By Bruce Levine–
MESA, Ariz. (670 The Score) — White Sox general manager Rick Hahn and manager Rick Renteria are in lockstep regarding the direction of the rebuilding White Sox, but in their daily tasks, each must take a different approach.
Hahn always keeps the big picture and long-term goals in mind, while Renteria’s focus is on the task at hand — which is his team improving. As many players arrived in White Sox camp early and pitchers and catchers officially reported, both men were pleased with the attitudes and progress being displayed.
“There is a great deal of enthusiasm from these guys,” Hahn said. “This is a tribute to the players and a tribute to (Rick Renteria) and the staff. They have created a great environment around here. Guys like being here.”
Hahn continues to stress that a rebuild doesn’t occur overnight, and he reminds of how much work must be done going forward. As he does, Renteria turns his attention to developing the young talent that has been acquired.
Both Hahn and Renteria the situation well and have the same end goal: a championship.
“It is a rebuild,” Hahn said. “No one here has avoided that. We love the excitement that we see coming out of that clubhouse and from our fans as well. I know there have been various podcasts about whether we are ready to win. There have been articles written about is this team ready to compete for a wild card. We are not going to do anything to stifle that kind of excitement. At the same time, we are only one year into a rebuild. These things traditionally take longer than that. We are thrilled with the progress we have made the last 18 months. We know we still have a fair amount of work to go through this process.”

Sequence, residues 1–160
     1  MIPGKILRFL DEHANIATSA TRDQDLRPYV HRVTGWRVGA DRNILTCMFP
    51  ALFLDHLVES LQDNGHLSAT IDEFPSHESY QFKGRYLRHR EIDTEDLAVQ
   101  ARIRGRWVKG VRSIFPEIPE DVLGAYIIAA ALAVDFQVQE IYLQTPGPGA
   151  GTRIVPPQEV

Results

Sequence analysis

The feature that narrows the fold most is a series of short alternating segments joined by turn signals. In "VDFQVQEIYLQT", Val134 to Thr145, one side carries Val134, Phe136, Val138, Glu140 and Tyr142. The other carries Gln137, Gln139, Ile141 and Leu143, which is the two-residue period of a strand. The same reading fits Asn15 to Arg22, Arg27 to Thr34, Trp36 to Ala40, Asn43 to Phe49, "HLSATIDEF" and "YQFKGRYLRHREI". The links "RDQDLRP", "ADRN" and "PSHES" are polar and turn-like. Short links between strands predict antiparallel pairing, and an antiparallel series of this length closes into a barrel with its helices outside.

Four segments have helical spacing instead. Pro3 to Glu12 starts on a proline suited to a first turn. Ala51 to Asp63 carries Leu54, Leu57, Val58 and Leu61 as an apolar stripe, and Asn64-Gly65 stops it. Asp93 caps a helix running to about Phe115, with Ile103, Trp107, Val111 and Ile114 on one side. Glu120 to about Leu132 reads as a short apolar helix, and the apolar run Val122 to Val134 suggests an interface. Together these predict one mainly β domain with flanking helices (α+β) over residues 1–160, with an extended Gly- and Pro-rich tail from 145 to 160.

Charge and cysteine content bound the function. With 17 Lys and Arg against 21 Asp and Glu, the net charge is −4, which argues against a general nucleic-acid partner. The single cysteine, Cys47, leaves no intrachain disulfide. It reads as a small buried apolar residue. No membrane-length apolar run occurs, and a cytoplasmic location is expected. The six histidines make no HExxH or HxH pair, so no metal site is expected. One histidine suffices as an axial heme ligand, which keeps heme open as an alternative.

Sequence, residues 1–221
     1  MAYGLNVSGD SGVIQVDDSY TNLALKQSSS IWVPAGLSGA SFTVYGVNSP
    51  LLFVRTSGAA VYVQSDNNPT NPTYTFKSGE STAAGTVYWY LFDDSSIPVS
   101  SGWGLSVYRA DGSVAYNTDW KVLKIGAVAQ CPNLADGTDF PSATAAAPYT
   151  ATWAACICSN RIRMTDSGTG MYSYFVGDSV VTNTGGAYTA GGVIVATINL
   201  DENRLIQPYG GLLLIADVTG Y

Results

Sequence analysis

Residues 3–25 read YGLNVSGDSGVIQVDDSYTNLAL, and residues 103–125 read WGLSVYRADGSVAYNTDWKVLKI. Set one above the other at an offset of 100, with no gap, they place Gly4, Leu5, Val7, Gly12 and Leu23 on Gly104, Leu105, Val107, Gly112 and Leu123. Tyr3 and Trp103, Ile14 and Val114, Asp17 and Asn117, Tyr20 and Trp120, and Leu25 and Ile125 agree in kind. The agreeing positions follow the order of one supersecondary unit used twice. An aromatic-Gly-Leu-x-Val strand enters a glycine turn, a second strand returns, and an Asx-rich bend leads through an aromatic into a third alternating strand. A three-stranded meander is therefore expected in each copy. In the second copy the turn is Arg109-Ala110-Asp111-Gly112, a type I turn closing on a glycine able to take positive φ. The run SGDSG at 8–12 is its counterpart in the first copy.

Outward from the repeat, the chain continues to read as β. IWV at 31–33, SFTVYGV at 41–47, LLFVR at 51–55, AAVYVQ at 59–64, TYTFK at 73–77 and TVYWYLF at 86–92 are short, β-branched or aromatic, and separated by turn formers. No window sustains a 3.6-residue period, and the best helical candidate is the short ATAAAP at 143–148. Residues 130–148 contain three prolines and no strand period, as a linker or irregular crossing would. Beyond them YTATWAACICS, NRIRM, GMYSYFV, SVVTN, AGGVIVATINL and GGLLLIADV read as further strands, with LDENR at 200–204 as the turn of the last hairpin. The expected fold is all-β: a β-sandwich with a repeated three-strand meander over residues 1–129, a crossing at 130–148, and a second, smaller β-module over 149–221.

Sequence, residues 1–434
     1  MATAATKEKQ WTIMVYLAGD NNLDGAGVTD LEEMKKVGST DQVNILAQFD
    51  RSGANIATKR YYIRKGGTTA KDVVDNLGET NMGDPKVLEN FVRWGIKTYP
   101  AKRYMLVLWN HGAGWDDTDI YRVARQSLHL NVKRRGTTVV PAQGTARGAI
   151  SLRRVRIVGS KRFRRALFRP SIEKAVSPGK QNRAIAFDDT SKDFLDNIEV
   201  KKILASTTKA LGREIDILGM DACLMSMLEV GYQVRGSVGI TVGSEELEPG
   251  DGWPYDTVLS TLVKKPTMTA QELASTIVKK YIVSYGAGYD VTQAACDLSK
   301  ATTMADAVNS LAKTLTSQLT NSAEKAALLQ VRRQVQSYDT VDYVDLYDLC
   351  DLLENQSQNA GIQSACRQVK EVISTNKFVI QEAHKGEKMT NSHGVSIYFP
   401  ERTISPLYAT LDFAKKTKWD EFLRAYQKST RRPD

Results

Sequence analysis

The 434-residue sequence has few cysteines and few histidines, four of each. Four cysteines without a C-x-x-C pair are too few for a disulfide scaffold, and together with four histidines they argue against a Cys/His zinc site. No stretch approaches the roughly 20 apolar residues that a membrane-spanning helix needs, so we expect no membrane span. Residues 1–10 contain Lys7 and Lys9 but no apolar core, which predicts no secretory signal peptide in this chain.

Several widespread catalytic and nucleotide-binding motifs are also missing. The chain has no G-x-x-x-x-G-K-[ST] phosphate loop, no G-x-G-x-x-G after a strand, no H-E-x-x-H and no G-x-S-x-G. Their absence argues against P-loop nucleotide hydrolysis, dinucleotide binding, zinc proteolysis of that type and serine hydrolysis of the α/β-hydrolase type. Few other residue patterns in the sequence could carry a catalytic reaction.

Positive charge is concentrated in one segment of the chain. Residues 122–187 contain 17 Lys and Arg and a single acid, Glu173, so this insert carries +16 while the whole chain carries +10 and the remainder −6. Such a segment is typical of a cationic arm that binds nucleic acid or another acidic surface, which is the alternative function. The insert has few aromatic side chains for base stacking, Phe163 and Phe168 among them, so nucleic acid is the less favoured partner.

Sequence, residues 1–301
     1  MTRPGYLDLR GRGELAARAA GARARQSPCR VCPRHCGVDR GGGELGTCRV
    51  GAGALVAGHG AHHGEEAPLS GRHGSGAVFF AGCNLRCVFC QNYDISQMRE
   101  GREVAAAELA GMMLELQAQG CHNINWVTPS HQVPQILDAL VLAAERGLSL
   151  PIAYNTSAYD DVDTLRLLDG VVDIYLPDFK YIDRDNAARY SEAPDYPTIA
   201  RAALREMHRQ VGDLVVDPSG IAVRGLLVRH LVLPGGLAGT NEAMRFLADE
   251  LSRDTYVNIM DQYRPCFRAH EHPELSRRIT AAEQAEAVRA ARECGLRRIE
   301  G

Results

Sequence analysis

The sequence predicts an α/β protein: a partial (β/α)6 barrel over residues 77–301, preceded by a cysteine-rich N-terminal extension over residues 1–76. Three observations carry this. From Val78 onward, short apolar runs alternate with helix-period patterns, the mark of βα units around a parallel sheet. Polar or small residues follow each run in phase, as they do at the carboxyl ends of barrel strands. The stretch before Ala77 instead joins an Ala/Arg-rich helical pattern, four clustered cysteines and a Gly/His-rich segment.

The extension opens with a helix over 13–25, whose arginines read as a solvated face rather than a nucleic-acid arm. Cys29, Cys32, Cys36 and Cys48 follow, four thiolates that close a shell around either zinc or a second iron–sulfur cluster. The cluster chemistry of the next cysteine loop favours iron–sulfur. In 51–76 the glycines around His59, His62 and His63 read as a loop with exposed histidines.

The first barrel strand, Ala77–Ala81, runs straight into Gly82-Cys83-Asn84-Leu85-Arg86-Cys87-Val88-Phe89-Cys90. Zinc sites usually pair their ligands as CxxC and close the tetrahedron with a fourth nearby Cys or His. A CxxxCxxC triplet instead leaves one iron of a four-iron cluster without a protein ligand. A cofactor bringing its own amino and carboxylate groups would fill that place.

Renteria’s challenge is different and singularly focused.
“I am not going to talk about anything except winning,” Renteria said. “You cannot approach a new season in any professional sport without making the process what it is supposed to be. You must connect the talent with their ability to execute. I will not sell the players short. Again, we will shoot high and see where they fall from there. I will not lower the bar and be happy if we surpass that level. I am not that person. I want to shoot high.”
Renteria must sell wining in a room despite having an unproven group.
“You must balance things out,” he said. “You can have moments where you allow a player to do something as a part of his growth. Many times you would bring in a pinch-hitter or relief pitcher in certain situations (on a veteran club). We must let these guys experience getting over the struggles that will occur in development. Even if they don’ have success in the moment, we know how to build on the experience for him and make sure he gains from the opportunity.”
Hahn has been pleased every step of the way with Renteria’s approach.
“The enthusiasm is great,” Hahn said. “A lot of it comes from these players who believe they can surprise some people. That is the mentality that Ricky and the staff have helped to create. They fight all 27 outs. We want that not only in the early stages of the rebuild but when we are in a position to contend for a championship. We will always want that to be a part of the environment. The fact that Ricky and his staff have helped to create that is wonderful.”
Bruce Levine covers the Cubs and White Sox for 670 The Score and CBSChicago.com. Follow him on Twitter @MLBBruceLevine.